Friday, March 18, 2011

And then came the Sheep

As mentioned in my first post, Annie my Aussie and I have started stock lessons. Annie is shall I say a bit over the top -she's just so excited to be with the stock. I'm very happy to see her enthusiasm considering how hard it is to get her motivated in other events, but do need to find a way to moderate her desires. At $35.00 a lesson how much will it cost just to get her to settle so that she (and I ) can be trained? My solution? Get some sheep of my own so she can watch them. We're certainly not ready to practice with them yet but I figure just letting her see, smell and be around them should help her relax a bit for our lessons.

Annie's first time on sheep about a year ago...look at those eyes

Now it's time to decide what kind of sheep to purchase. I've browsed the herding boards, observed the sheep we work with for our lessons, talked to our instructor and basically absorbed everything I can about sheep for the last month. At first I thought perhaps I'd get some shetlands -they are so incredibly cute, look at these guys:
Shetland Sheep

But as I read more, it seems these little cuties aren't the ideal sheep for herding, first of all they have wool which means dealing with shearing (or rooing if lucky enough to have sheep that will shed) and they aren't the best flocking sheep which makes them difficult to herd and not a beginner herding sheep.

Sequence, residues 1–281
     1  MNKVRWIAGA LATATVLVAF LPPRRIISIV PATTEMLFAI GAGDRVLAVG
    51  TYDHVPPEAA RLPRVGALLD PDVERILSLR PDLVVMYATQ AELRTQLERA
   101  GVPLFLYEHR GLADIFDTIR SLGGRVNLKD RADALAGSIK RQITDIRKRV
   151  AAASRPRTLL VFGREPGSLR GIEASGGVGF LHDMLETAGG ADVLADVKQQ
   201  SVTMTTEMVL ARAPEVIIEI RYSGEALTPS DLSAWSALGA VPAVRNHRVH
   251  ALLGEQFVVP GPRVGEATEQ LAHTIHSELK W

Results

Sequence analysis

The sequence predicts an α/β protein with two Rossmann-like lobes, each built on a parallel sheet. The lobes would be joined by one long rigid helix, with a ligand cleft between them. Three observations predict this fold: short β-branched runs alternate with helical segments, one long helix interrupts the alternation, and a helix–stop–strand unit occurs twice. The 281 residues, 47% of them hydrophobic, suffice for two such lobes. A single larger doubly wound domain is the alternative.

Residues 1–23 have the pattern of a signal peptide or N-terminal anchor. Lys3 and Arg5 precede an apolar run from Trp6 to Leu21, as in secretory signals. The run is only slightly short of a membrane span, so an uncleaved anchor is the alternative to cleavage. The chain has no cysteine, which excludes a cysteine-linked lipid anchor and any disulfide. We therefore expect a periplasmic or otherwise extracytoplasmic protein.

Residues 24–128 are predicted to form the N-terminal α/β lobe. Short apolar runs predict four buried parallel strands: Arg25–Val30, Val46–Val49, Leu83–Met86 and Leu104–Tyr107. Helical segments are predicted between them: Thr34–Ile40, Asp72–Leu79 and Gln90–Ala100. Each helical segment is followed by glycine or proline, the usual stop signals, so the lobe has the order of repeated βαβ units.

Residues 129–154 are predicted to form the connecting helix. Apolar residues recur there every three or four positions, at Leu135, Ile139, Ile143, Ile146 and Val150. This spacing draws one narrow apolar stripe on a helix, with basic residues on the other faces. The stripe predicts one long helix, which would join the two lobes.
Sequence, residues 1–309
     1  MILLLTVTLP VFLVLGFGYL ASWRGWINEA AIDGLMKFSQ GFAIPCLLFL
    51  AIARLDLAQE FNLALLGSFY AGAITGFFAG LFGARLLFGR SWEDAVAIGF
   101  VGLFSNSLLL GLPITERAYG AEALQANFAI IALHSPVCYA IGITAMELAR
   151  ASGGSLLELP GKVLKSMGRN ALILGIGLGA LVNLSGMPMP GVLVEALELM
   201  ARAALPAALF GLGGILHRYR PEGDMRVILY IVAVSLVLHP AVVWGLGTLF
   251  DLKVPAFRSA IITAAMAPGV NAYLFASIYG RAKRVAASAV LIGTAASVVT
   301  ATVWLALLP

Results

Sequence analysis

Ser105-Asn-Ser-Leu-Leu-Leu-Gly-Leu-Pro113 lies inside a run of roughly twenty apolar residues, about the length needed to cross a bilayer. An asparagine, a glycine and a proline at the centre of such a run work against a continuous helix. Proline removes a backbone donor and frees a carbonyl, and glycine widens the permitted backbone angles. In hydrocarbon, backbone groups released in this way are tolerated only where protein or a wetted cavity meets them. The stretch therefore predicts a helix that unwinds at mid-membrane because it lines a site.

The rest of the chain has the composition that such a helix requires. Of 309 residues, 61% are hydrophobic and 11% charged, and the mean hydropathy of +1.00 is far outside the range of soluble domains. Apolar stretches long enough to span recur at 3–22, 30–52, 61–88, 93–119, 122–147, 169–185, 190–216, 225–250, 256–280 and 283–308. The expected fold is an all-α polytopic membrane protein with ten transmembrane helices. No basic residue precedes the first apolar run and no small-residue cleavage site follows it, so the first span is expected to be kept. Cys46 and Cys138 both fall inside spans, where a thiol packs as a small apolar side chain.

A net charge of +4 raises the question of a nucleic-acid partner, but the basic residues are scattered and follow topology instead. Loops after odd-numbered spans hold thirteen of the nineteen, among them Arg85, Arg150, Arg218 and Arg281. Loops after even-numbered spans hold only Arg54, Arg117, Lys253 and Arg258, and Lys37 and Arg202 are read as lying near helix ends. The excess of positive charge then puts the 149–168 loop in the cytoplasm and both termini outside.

Dorpers are popular around here and are easy to find (we're not in sheep country so there isn't a huge selection of breeds to choose from). I practice on a mostly dorper flock and you can't beat their temperament. Here's some of the flock we practice on with their lambs:

Barbados Blackbellies are another popular sheep for herding. Their small size appeals to me, as well as their coloring and they are a hair sheep. I'm not so sure about the rams and their horns though -I guess I don't need a ram (or not yet anyway).

Barbados Sheep

While researching barbados, I stumbled upon "Painted Desert Sheep" These are a breed of sheep developed in Texas by crossing Mouflon,Rambouillet, Merino with Blackbellies. They are built like a barbados but have "painted" markings like a paint horse. I have decided this is the breed of sheep I'd like to try.

I have scanned the craigslist postings and have located a farmer with a herd of barbados/painted desert sheep priced reasonably in Kingston, OK so I plan on taking a look to see what he has on Monday.

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